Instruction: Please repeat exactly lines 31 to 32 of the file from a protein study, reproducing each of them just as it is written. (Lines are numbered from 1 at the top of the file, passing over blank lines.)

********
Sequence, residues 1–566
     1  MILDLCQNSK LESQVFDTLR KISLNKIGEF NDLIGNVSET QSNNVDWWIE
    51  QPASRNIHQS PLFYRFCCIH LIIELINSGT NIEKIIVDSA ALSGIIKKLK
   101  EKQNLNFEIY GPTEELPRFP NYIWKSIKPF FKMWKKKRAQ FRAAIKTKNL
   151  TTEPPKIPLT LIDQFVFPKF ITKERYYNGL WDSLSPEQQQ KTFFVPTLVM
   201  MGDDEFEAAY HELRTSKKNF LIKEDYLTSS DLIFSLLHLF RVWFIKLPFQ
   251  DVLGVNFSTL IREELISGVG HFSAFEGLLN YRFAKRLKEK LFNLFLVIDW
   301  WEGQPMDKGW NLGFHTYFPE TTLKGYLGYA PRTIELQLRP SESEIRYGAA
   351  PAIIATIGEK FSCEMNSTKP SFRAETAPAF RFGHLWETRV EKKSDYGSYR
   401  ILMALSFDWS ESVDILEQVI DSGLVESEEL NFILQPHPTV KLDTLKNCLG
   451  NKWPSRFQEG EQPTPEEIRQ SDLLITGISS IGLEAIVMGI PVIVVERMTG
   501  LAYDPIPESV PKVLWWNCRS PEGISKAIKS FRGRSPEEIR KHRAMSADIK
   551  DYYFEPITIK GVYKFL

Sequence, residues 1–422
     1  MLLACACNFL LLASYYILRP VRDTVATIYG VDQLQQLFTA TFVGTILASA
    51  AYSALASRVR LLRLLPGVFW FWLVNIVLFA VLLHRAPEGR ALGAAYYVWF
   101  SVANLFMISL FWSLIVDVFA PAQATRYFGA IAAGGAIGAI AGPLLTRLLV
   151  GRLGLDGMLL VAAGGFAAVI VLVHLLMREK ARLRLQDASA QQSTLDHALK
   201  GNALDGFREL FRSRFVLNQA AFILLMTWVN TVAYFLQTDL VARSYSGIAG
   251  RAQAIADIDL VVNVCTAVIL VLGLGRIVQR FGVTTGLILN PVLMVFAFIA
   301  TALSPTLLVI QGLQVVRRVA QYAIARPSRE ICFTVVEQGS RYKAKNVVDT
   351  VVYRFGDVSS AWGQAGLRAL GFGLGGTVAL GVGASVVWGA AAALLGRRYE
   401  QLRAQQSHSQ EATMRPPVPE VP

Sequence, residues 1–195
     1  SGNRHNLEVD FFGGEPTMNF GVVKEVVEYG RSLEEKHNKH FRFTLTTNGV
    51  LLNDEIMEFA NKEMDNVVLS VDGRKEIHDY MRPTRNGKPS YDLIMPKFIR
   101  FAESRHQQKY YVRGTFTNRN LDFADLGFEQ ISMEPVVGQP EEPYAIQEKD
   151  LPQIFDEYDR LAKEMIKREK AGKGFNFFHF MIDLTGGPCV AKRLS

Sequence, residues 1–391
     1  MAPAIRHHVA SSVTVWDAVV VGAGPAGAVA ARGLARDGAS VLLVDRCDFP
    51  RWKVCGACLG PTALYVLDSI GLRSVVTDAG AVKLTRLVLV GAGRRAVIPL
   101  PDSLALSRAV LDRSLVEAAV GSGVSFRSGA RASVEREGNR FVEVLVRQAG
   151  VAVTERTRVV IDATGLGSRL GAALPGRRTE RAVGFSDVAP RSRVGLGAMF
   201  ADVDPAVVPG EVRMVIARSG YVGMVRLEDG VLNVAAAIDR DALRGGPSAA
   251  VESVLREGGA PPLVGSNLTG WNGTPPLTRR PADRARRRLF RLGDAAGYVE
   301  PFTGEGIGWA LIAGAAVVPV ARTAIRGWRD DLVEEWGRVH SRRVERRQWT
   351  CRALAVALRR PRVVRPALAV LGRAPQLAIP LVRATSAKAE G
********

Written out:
    51  RWKVCGACLG PTALYVLDSI GLRSVVTDAG AVKLTRLVLV GAGRRAVIPL
   101  PDSLALSRAV LDRSLVEAAV GSGVSFRSGA RASVEREGNR FVEVLVRQAG